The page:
A new scientific report explains that the surges in electrical activity of the brain may account for the vivid near-death experiences that those who have suffered life-threatening events have experienced. The study found that rats which were dying experience high levels of electrical activity or an increase in their brainwaves that increased until the animal expired.
While what the rats experienced in unknown, in humans this could be interpreted as a heightened state of consciousness. The findings of the research were published in the Proceedings of the National Academy of Sciences.
The author of the study, Dr. Jimo Borigin of the University of Michigan stated, “A lot of people thought that the brain after clinical death was inactive or hypoactive, with less activity than the waking state and we show that is definitely not the case. If anything, it is much more active during the dying process than even the waking state.”
The experiences that the brain can undergo in the dying process can mean that the person experiences an out of body sensation, bright lights and the feelings that their life is flashing before their eyes. The experiences that have been reported by people around the world who have suffered near death experiences have many of these in common.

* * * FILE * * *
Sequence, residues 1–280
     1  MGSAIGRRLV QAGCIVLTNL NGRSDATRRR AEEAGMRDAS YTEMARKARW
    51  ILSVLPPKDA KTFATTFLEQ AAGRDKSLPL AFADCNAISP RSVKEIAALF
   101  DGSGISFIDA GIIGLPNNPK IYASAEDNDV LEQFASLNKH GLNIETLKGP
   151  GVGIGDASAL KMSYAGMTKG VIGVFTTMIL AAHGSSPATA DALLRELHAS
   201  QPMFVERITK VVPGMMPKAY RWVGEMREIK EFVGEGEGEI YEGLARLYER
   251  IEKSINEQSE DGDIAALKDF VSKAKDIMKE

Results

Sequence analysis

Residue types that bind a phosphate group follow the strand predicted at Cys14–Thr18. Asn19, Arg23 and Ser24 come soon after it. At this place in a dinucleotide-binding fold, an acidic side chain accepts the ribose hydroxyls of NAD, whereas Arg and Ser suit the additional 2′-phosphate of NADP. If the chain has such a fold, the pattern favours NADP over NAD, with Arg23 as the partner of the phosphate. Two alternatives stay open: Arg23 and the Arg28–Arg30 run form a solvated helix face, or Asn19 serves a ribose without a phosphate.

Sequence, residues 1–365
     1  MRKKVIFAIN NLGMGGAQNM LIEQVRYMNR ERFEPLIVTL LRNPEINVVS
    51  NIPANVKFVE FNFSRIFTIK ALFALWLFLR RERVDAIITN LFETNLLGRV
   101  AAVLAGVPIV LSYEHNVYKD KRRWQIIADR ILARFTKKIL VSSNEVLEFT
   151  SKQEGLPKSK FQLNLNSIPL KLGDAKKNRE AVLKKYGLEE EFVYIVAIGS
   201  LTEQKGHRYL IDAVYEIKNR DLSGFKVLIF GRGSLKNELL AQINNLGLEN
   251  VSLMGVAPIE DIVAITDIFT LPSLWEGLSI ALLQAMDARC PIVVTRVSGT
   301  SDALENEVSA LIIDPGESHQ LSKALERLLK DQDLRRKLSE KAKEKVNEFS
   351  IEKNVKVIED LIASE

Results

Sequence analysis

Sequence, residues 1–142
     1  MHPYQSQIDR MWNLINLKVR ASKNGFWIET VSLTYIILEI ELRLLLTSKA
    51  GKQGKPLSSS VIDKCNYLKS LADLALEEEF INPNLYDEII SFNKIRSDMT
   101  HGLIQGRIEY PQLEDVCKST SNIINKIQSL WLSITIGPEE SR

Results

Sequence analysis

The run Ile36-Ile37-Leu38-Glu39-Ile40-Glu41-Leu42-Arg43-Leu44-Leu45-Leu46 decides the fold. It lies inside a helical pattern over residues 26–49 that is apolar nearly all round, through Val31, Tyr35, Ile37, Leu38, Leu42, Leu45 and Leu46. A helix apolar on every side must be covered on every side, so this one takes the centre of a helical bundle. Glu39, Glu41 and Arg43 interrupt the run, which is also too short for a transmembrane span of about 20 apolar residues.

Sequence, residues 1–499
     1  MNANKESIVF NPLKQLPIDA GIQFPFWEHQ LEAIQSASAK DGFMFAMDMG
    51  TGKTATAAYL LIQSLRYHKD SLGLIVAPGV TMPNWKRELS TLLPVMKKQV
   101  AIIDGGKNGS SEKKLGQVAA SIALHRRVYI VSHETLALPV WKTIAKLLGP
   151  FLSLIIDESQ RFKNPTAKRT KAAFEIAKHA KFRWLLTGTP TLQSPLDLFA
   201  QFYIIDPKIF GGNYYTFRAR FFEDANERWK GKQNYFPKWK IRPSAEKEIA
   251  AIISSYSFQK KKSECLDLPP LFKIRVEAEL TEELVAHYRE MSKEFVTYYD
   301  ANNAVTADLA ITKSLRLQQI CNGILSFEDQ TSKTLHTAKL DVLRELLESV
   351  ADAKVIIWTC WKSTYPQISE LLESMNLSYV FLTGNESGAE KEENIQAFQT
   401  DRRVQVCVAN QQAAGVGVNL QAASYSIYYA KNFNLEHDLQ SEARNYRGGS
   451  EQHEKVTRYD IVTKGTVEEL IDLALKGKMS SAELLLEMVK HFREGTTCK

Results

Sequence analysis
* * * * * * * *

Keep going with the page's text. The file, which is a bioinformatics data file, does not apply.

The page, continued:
Because of the very nature of the near-death experience, studying such matters with humans is certainly challenging. Therefore, the study conducted at the University of Michigan focused on nine rats that were dying. Approximately 30 seconds after their hearts stopped beating, the electrical activity of the brain soared, indicating that high frequency brainwaves that are called gamma oscillations were being experienced by the rats.
These particular pulses are one of the neuronal features that are believed to anchor consciousness in human beings. They help link information from the different areas of the brain. In rats, these electrical pulses were found at higher levels just after their hearts stopped beating than when the rats were awake and in good health.
Dr. Borigin believes that the same thing happens in the human brain once the heart stops beating. The elevated levels of brain activity could actually promote visions in those with near death experiences.
“This can give us a framework to begin to explain these. The fact they see light perhaps indicates the visual cortex in the brain is highly activated – and we have evidence to suggest this might be the case, because we have seen increased gamma in area of the brain that is right on top of the visual cortex,” said Dr. Borigin.
However, the exact timing of those who have had near death experiences is still not well understood. This is because many of the anecdotal reports vary the times in which the person undergoes these experiences. For example, some may have this particular experience as they are being put under for an operation while others undergo it when the heart stops beating.
On the research that has been conducted so far, Dr. Jason Braithwaite of the University of Birmingham commented that this could indicate the brain’s “last hurrah” before death. The findings of the study may prompt future research to find more evidence of this increased brain activity once life has passed from the body.